Holger Schulze has a secret: The B2B marketing expert created a LinkedIn Group that generates qualified and measurable sale leads.
How many leads? He’d like to keep that under wraps, but he does say his group provides his company with the highest quality leads. He has another secret: It happened almost by accident.
Schulze doesn’t “sell” his company’s products to the group, instead he has remained neutral and consultative and focused on engagement with the community. The result? The community grew and began to see Schulze, as a trusted source of information and by extension his company, as a preferred vendor of choice.
He started the Information Security Community in 2007 for the purpose of creating a forum that provides security professionals with the world’s best place to connect and exchange information on data security and related topics.
“Frankly, the group was more of an experiment than a carefully planned and executed project,” said Schulze, in an e-mail interview. “Nobody knew what this would turn into.”
The group has become single largest and most active groups in the information security space with more than 60,000 members – and it’s still growing at a rate of 100 new members per day. More importantly, this growth has been purely organic – word-of-mouth – as zero financial resources have been allocated to promoting the group. The momentum hasn’t slowed with size, says Schulze, to the contrary, it’s actually accelerated.
What’s helped make the Information Security Community a success?
Foster meaningful conversations.Vendor-neutrality means that community members have the opportunity to develop meaningful conversations, without being sold to. In addition, LinkedIn’s “long form” discussion format means these conversations exist in a depth and breadth that’s unmatched in other social platforms. The benefit is that community members are afforded the opportunity to find, connect and establish business relationships that provide advice, feedback and opportunities. In other words, it’s about the community, not about vendors.
Activate a vocal minority. Schulze says generally, for every 100 community members, the group has 90 passive and nine active consumers – those who occasionally answer questions or participate in discussion. Only about one out of every hundred members actively creates new discussions and posts content to the community. This vocal minority are pivotal to building a community, and growing its membership. Once the group reached a critical mass – about 1,000 members – rapid organic growth began to take root.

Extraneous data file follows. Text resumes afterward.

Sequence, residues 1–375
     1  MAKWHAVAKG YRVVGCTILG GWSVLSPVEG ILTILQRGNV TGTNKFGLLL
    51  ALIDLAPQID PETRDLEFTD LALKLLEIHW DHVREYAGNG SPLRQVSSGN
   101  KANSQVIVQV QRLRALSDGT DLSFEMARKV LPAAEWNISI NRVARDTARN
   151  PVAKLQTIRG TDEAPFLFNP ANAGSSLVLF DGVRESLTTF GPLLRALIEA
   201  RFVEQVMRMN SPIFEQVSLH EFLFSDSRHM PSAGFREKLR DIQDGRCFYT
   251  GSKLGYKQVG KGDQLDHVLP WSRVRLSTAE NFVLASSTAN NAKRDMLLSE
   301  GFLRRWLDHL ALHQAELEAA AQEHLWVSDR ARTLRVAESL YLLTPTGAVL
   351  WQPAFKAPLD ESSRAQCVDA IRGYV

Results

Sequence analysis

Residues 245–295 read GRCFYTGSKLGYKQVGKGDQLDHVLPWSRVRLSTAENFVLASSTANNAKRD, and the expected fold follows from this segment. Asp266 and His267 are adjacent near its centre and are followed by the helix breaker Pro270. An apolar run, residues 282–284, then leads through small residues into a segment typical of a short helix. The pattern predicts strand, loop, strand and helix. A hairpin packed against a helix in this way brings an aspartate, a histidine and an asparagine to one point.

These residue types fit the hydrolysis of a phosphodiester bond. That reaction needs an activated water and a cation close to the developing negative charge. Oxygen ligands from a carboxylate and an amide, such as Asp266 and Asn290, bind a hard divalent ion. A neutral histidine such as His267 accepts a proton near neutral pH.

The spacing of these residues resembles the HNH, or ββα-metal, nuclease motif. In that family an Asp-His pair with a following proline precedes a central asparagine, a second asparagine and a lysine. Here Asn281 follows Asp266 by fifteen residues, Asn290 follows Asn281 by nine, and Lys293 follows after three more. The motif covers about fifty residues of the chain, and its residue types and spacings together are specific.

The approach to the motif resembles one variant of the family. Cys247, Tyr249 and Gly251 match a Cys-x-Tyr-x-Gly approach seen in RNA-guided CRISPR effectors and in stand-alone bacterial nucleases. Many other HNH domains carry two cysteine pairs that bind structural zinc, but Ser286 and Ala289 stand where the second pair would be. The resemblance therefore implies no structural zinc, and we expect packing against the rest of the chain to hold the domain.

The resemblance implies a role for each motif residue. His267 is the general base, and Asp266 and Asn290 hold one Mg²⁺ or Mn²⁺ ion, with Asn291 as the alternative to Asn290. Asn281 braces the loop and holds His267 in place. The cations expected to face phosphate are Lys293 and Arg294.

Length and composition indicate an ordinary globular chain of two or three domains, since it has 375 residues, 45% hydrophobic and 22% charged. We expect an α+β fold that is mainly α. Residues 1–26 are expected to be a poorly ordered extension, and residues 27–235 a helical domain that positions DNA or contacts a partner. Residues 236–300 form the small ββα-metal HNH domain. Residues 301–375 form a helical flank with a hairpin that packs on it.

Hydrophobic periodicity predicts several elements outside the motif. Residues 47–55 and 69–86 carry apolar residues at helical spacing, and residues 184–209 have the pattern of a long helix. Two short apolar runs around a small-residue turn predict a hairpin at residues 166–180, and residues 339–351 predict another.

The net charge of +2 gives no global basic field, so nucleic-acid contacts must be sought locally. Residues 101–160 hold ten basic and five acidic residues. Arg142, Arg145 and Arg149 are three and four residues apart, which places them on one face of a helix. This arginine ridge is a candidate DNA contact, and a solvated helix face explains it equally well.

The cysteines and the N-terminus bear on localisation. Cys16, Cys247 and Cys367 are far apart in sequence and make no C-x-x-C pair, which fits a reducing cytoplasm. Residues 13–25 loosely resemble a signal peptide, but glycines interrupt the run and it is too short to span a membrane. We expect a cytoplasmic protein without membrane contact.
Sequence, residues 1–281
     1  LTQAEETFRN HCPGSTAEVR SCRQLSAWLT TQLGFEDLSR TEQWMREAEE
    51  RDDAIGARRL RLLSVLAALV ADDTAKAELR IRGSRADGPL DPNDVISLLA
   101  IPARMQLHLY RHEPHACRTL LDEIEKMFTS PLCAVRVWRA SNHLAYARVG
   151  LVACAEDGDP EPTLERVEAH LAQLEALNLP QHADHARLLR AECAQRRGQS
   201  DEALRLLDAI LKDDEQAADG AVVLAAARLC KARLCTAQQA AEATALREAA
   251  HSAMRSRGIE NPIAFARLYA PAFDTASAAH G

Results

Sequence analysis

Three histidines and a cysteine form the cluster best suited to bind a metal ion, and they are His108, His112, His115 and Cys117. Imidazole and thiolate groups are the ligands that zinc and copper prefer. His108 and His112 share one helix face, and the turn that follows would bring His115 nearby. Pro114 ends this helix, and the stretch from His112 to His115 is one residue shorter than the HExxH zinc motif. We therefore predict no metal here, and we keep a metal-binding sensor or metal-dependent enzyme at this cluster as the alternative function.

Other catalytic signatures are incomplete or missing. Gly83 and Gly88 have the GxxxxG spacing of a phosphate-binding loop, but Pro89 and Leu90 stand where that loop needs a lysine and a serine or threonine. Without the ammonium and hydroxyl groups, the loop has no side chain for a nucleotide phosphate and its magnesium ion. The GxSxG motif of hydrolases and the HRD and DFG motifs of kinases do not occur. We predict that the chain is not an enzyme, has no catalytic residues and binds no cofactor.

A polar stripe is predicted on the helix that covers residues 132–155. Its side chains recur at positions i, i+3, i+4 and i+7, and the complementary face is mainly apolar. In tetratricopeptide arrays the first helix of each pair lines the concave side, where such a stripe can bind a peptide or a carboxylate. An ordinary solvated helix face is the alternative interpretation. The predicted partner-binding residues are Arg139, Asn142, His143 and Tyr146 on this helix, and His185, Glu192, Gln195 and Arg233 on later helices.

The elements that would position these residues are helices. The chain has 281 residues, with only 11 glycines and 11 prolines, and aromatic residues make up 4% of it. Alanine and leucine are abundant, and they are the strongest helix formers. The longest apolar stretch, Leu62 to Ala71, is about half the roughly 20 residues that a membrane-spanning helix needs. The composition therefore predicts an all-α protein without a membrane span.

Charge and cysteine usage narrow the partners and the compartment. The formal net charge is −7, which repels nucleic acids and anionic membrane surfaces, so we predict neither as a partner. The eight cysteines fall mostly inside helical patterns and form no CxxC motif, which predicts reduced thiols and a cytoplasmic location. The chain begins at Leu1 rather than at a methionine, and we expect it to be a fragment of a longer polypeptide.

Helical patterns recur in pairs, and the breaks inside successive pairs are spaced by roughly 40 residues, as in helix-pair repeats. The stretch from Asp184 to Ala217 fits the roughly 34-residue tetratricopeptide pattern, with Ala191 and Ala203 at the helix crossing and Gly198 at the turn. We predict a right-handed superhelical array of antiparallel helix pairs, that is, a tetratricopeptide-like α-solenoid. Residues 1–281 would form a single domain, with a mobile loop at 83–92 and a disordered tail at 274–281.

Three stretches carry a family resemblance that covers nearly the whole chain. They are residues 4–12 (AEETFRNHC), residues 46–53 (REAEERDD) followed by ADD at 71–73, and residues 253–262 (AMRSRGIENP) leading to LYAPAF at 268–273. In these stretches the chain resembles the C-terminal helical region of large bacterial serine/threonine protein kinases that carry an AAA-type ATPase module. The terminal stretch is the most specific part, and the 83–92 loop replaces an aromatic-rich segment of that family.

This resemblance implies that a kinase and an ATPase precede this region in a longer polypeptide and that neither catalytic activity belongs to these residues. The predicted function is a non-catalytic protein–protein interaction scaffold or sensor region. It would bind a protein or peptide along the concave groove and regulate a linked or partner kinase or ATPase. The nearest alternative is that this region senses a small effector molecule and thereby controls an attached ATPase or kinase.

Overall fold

Create a logo worth sharing. When a new member joins a community on LinkedIn, that user has the option to display the group logo on their profile page. In turn, their contacts may see that logo and also decide to join the group which often has a snowball effect. This was the case with Schulze’s group, after about six months, a number of “influencers” – industry analysts, security gurus and published authors – began joining the group and displaying its logo on their profile. Given these influencers have large followings, by virtue of joining the group, these leaders influenced others to join the group as well: membership soared.
Facilitate compelling content. Nothing destroys a good group like spam or off topic posts to Webinars or blogs that aren’t relevant to the conversation. However once the group reaches a certain size, it becomes difficult to “police” all the conversations. Schulze did two things to keep erroneous posts at bay: First, he provided participation guidelines as a featured discussion, to that all members new and old are reminded about what’s appropriate and what is not. Second, he recruited members of the community to help manage the community. “Over time, the community becomes a truly self-organizing system that, guided by only a few rules, will ensure a successful place to connect and exchange ideas,” added Schulze.